South Carolina reached a record $45 million settlement Friday with drug maker Eli Lilly over the marketing of an anti-psychotic drug, Zyprexa.
State lawmakers will have the final say on how 84 percent - or nearly $38 million of the money - is spent. The rest goes to the attorneys who represented the state and to the state attorney general's office.
The settlement is the second largest in state's history, behind only the 1998 multibillion-dollar Tobacco Master Settlement Agreement, according to the attorney's general's office.
It's also the largest dollar amount any state has won from Eli Lilly. Connecticut is second with its $30 million settlement.
"This is a victory for South Carolina's taxpayers who were forced to bear the financial costs of Eli Lilly's unlawful conduct," Attorney General Henry McMaster said Friday.
Eli Lilly spokeswoman Marni Lemons said Friday it's time to move on.
"We think that putting the issue behind us is not only in the best of interest of Eli Lilly, but also the patients and physicians who count on Zyprexa as a life-saving drug every day," Lemons said.
South Carolina and 44 other states have brought some action against the Indianapolis-based drug maker, claiming it falsely marketed Zyprexa, a drug approved for the treatment of schizophrenia and bipolar disorder only.
In the lawsuit, South Carolina sought to recover the millions of dollars Medicaid and the state health plan paid for the drug and to treat side effects caused by off-label use of the drug. The suit alleges nearly 64,000 S.C. patients were affected from 1996 to 2007.
South Carolina and other states successfully argued Eli Lilly:
- Did not properly warn of the drug's side effects, including heart problems, diabetes, hyperglycemia and an increased risk of death in patients with dementia
- Pushed doctors to prescribe the drug to treat other illnesses, including depression, attention deficit disorder and dementia
While 84 percent of South Carolina's settlement could go to reimburse the state's Medicaid and state health plan, state lawmakers have the final say.
Under a unique retention agreement McMaster's office drafted in 2004, 15 percent, or nearly $7 million, will go to three attorneys hired by McMaster's office to represent South Carolina in the case. The attorneys' fees are the smallest in the nation, McMaster's office said.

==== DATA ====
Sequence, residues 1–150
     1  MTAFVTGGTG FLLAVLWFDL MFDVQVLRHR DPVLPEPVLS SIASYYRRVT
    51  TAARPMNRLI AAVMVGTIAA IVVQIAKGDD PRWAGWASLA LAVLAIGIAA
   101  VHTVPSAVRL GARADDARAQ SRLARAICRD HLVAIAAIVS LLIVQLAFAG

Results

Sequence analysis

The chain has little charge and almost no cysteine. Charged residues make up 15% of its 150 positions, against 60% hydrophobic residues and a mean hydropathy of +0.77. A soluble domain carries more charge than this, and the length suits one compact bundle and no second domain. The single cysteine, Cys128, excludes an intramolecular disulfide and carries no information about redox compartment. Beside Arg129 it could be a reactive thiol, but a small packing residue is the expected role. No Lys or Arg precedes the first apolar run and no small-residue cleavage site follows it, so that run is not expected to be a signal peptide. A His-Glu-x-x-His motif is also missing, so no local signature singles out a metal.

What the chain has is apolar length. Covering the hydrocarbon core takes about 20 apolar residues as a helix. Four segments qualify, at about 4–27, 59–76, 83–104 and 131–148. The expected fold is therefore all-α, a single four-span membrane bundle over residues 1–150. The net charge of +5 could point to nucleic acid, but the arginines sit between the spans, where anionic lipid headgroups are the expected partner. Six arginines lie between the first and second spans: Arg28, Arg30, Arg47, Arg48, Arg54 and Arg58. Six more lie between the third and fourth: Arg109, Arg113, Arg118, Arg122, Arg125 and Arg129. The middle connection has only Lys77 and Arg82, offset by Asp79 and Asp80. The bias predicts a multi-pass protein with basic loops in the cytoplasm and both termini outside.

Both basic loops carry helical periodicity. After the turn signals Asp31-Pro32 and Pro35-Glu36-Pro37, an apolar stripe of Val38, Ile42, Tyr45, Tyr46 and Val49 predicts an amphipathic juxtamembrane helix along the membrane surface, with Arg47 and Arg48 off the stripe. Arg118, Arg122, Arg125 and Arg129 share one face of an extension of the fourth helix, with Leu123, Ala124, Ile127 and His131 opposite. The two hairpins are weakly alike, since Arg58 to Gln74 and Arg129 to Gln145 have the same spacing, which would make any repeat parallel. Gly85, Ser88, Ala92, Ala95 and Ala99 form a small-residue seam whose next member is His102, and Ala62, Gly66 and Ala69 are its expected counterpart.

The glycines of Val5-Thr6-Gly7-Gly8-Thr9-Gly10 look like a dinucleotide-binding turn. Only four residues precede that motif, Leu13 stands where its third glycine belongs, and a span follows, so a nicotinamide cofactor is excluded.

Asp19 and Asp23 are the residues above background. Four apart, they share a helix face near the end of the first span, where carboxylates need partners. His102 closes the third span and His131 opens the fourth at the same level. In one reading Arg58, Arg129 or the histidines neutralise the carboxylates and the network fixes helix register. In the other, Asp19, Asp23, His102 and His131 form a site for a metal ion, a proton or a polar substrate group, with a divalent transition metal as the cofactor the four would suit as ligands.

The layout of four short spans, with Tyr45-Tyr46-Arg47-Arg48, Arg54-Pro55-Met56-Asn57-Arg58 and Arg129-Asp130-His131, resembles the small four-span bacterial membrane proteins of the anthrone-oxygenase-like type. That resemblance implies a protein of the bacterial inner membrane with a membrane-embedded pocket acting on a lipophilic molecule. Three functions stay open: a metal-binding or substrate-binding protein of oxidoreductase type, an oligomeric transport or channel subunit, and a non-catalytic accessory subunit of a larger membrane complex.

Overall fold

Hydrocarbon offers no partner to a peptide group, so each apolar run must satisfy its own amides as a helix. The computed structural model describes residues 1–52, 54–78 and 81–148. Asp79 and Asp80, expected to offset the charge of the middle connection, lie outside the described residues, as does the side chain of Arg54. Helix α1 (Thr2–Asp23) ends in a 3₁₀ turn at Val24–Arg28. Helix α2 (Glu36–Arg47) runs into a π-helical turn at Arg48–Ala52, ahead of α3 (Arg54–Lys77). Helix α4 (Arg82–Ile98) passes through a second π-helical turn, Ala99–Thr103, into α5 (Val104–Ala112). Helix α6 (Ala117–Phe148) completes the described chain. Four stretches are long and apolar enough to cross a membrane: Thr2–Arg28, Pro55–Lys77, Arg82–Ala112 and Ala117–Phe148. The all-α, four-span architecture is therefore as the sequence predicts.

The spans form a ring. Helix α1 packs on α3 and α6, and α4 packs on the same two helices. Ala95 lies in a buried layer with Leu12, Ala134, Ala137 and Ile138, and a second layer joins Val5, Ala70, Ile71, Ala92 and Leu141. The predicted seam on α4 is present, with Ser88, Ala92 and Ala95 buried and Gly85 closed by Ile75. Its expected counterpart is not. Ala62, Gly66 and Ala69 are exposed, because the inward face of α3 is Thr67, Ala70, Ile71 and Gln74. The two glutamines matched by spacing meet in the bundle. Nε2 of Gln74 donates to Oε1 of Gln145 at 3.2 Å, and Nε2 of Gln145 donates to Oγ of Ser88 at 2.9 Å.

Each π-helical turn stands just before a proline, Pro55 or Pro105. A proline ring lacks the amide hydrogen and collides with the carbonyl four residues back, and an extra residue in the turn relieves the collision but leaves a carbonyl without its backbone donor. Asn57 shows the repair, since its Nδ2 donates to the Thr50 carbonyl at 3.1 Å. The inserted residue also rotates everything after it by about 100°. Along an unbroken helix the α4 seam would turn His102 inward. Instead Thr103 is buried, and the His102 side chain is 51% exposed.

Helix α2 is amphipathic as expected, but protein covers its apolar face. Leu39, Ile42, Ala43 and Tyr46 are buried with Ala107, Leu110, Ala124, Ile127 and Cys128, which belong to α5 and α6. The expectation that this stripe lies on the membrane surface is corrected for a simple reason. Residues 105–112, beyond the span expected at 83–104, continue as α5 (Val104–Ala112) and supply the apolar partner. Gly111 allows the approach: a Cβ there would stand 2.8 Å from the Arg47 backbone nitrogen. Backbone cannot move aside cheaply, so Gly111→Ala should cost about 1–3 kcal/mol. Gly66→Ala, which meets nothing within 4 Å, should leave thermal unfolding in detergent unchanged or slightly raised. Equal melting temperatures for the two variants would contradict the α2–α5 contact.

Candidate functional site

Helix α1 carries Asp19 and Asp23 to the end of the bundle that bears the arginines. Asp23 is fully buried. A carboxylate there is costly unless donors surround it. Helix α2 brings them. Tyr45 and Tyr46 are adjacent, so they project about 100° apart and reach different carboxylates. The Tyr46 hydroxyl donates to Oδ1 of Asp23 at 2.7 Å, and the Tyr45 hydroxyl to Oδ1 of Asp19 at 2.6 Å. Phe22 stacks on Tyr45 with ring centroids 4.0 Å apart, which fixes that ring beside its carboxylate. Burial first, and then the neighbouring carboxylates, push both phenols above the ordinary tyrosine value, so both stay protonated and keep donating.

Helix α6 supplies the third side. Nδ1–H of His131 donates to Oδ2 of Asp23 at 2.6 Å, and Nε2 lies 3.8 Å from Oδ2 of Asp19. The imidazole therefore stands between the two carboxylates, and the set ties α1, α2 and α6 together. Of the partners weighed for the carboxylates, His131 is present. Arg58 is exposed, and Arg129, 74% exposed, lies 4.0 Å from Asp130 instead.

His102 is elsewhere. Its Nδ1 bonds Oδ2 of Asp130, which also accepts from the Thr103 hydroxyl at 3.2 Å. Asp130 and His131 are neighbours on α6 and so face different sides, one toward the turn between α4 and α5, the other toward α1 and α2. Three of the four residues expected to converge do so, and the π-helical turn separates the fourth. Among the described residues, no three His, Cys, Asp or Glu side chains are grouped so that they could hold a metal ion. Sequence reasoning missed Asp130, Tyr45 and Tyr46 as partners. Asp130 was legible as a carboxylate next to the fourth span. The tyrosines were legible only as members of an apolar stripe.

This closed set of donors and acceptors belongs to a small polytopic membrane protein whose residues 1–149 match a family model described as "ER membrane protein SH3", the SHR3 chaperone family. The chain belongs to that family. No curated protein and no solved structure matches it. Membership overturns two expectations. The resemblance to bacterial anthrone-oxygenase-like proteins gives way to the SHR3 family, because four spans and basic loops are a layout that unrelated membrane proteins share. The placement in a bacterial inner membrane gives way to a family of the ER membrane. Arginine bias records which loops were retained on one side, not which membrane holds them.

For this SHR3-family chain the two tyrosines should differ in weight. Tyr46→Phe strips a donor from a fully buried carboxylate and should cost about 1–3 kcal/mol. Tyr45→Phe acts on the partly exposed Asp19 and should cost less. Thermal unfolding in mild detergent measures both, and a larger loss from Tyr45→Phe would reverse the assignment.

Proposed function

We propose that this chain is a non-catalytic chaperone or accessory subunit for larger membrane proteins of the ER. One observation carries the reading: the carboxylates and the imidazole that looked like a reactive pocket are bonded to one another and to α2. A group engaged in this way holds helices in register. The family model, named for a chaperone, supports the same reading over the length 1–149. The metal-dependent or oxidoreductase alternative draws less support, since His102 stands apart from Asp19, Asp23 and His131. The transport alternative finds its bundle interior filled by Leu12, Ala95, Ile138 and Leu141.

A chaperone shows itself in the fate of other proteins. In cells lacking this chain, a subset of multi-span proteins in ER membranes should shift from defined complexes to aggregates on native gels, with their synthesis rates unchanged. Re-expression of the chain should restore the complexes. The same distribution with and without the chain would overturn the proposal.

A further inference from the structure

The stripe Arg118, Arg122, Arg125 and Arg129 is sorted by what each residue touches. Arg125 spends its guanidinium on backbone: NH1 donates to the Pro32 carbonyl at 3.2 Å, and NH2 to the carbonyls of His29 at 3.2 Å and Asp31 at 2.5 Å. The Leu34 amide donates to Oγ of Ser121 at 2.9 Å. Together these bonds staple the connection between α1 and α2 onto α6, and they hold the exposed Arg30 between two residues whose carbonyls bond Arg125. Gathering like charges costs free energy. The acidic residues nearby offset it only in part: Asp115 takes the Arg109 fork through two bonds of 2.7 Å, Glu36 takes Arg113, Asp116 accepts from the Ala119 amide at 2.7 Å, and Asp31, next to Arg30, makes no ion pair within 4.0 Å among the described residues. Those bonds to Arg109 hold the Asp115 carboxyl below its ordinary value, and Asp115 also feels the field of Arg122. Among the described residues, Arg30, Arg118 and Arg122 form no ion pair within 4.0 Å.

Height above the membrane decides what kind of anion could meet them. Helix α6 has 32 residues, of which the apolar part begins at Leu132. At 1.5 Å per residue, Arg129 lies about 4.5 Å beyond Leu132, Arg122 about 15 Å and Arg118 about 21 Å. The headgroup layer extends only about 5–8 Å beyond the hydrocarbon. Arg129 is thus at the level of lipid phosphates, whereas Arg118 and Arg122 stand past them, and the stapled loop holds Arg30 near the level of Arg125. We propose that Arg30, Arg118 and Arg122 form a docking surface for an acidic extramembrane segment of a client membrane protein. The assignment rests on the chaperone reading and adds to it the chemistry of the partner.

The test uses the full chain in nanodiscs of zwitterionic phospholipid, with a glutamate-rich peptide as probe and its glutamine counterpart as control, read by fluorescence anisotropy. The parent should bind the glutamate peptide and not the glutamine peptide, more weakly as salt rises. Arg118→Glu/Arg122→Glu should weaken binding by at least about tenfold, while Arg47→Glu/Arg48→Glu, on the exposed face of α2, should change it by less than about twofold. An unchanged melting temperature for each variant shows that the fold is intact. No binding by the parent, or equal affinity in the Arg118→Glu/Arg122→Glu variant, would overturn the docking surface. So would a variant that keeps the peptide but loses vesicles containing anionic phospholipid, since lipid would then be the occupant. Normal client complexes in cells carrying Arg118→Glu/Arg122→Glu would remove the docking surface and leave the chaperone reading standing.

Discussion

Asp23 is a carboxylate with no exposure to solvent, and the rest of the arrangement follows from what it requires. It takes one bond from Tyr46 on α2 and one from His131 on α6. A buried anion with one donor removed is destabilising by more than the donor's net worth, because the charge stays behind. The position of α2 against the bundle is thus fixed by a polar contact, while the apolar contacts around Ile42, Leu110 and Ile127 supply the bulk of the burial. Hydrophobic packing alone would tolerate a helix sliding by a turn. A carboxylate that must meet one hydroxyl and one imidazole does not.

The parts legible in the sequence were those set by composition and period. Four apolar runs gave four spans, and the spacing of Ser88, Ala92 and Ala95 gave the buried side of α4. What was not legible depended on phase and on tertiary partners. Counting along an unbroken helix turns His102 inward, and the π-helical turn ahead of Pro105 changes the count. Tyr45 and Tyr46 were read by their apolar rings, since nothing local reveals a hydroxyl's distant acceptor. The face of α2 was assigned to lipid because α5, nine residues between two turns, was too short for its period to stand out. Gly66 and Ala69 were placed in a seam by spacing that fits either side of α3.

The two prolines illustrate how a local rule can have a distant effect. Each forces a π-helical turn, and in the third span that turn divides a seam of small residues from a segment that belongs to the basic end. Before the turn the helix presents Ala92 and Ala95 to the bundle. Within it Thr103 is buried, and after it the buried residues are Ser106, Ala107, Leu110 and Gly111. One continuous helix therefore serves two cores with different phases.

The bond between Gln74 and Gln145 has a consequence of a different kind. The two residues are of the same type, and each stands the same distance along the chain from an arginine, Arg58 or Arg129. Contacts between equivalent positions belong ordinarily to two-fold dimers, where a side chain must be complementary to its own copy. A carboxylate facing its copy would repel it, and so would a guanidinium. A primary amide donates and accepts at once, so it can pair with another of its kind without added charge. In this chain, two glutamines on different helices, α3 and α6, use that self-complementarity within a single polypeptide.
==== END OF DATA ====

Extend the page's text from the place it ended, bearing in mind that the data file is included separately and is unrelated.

And 1 percent, or about $647,000, will go to the attorney general's office.
Under the agreement, outside attorneys hired to do work for McMaster's office are paid between 4 percent and 23 percent of a judgment/settlement. The larger the award/settlement, the less the attorneys receive.
Then, attorneys must give 10 percent of their pay back to the attorney general's office.
"Ours is considered a model ... agreement," McMaster said, noting bills have been introduced in both the state Senate and House to require future S.C. attorneys general and solicitors to adopt the same agreement.
"We did copious research to come up with the best agreement based on what other states do," McMaster said. "It keeps complete control of the litigation with the (attorney general), who can relieve his (appointed attorneys) for any reason or no reason at all. It protects the interest of the state."
But the arrangement smells fishy to Darren McKinney of the American Tort Reform Association, a Washington D.C.-based nonprofit.
McMaster, who is running for governor, accepted campaign contributions from two of the attorneys he hired to help work on the Zyprexa case.
After being criticized by rival campaigns, McMaster returned the donations.
"If you're signing on with your buddies who agree to give you 10 percent off the top plus campaign contributions, that stinks on its face," McKinney said. "That's not in the public interest."
McMaster's office has said the appointment of the attorneys was based on their expertise with other drug cases - not friendships or promises of campaign contributions.
SEPARATION OF POWER?
Under the agreement, the attorney general's office will receive about $647,000 of the settlement.
Eli Lilly's attorneys unsuccessfully argued in court papers that only the General Assembly and the state Budget and Control Board can allocate state funds.
Attorney Dick Harpootlian, a key adviser to a rival gubernatorial candidate, said McMaster's agreement is not illegal, but is problematic.
"You want your prosecutors, your attorney general making decisions on what's best for the state of South Carolina, not what's best for their budget," Harpootlian said. "There's, in appearance, a constitutional problem with this. It almost puts a bounty on these cases. It puts him at a conflict of interest."
But McMaster's office points to various state laws that allow the office to keep the funds.
McMaster said he would put the money into his general fund to be used to "prosecute more bad guys."